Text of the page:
Sunday, October 10, 2010

Gotta Dance!


The Frank Sinatra stamps (Scott #4265) I used on these two musicals, On the Town (Donen/Kelly, 1949) and Anchors Aweigh (Sidney, 1945), only serve to remind us that Gene Kelly has yet to receive a stamp from the USPS. The fact that Fred Astaire also hasn’t been recognized made me think...are they preparing a Great Dancers issue? Still, the omission is quite conspicuous, especially since Judy Garland has gotten two already, completing the triumvirate of the most important actors in the history of the American musical.

I’ve always been a much bigger fan of Kelly, not because he was a better singer than Astaire (he wasn’t) or dancer (it’s a tie), but because he always seemed far more accessible. In his films, Astaire usually played a dancer. But Kelly played a soldier, sailor, ball player, actor, artist, ordinary working Joe. He wore khakis, not tuxedos. He was graceful, but also athletic. And while Astaire was usually kept apart from his love interest by circumstance, contrivance, or crossed wires, Kelly’s worst enemy was typically himself. He didn’t mind playing the heel, being unctuous and pushy. And sometimes, that shit-eating grin can annoy as much as charm. An American in Paris (as beautiful as it is overrated) makes him a little too insufferable for my taste, stalking, rather than seducing, poor Leslie Caron.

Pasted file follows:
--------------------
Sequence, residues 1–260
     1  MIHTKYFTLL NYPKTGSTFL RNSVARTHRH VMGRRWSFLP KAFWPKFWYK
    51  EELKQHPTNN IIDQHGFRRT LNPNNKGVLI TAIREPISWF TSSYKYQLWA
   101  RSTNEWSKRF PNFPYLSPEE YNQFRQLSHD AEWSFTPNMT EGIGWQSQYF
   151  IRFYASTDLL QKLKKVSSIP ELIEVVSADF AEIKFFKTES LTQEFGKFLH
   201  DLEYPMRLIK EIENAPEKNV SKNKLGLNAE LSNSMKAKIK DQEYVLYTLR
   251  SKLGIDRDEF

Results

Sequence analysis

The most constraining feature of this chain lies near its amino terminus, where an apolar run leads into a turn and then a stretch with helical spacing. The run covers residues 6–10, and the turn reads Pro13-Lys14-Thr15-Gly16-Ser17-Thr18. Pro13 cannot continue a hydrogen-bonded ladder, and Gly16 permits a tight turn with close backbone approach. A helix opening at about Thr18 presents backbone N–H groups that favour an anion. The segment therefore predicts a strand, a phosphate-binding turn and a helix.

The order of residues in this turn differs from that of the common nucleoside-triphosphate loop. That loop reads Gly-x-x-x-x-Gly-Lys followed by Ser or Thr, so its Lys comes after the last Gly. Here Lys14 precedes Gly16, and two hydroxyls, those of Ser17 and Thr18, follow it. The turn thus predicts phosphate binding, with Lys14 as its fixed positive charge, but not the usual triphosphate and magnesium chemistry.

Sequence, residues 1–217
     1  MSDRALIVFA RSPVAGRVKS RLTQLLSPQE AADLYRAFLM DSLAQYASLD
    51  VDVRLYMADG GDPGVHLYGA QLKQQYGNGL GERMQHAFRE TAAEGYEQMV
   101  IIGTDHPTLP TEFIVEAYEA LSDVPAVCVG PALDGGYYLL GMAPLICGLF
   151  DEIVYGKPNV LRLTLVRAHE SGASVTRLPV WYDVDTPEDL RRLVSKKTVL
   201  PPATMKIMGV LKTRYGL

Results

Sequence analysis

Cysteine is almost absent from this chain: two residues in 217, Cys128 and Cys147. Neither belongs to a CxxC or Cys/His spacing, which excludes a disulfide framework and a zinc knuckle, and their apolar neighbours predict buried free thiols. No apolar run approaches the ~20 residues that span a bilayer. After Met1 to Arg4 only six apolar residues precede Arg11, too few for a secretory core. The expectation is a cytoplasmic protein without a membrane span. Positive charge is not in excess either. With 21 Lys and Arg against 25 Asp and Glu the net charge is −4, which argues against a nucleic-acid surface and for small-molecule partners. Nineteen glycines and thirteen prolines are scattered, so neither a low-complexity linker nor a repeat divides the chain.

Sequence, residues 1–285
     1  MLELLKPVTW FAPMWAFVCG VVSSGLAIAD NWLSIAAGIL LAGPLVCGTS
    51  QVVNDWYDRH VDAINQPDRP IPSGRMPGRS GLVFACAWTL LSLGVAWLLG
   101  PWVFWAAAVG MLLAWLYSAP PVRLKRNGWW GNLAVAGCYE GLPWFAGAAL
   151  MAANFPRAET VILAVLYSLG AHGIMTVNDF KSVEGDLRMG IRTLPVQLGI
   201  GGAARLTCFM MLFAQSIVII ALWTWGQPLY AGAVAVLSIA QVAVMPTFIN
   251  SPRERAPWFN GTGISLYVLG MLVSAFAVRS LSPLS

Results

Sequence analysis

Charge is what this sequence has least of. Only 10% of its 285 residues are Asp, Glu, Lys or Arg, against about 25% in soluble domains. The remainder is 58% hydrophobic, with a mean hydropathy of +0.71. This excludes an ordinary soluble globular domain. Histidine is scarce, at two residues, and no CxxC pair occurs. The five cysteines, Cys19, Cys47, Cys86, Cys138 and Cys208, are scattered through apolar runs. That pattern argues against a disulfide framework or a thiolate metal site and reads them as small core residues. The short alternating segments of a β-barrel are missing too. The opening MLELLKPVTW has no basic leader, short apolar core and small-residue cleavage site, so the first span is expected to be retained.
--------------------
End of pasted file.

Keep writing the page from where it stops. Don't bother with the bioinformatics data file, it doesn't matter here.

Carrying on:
But more often than not, that smile was a fa├žade to darker recesses, for he was a far better actor than Astaire, tapping into his characters’ emotional depths and neuroses that played out in choreography that often was as tortured as it was jubilant. Astaire had a delightful, feather touch that played counter to what felt natural if forced to portray a bad guy (Exhibit A: Yolanda and the Thief). But Kelly understood that such brazenness was a double-edged sword, that he could steamroll you with his energy, and that self-awareness makes his best performances (The Pirate, Singin’ in the Rain, It’s Always Fair Weather) both charming and provocative.

A great comparison is between Town and Aweigh, for while he’s mostly a goof and a jerk in the latter, he’s wonderful in the former, finding a perfect pairing with Vera-Ellen while still being exceedingly generous with his hugely talented co-stars: Sinatra, Betty Garrett, Ann Miller, and Jules Munshin. Town was the first film he co-directed with Stanley Donen (himself, vastly underappreciated for his contributions to so many 50’s musicals), but except for the ballet sequence, Kelly plays to the strengths of the ensemble instead of hogging the show. Town is also the far better musical, despite abandoning huge chunks of the original stage show, with one boisterous number after number. Aweigh is now mostly remembered for the inventive dance Kelly has with the animated Jerry the Mouse.

I was lucky to find two related stamps that fit perfectly with both the theme and the color scheme of the respective one sheets. The New York Skyline is an Air Mail stamp from 1947 (Scott #C35) and the Navy stamp (Scott #435) is from a year earlier. Note how Jose Iturbi gets prominent billing in the latter, because the one-sheet itself is Spanish.